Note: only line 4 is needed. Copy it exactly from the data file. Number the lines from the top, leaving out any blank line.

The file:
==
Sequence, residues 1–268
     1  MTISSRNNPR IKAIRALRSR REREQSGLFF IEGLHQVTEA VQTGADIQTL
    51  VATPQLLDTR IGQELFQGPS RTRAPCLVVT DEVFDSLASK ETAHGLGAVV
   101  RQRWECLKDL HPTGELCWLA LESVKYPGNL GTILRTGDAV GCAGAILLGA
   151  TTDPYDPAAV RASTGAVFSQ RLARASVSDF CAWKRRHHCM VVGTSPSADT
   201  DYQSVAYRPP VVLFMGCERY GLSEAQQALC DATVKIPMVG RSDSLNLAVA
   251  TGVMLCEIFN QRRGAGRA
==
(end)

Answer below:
   101  RQRWECLKDL HPTGELCWLA LESVKYPGNL GTILRTGDAV GCAGAILLGA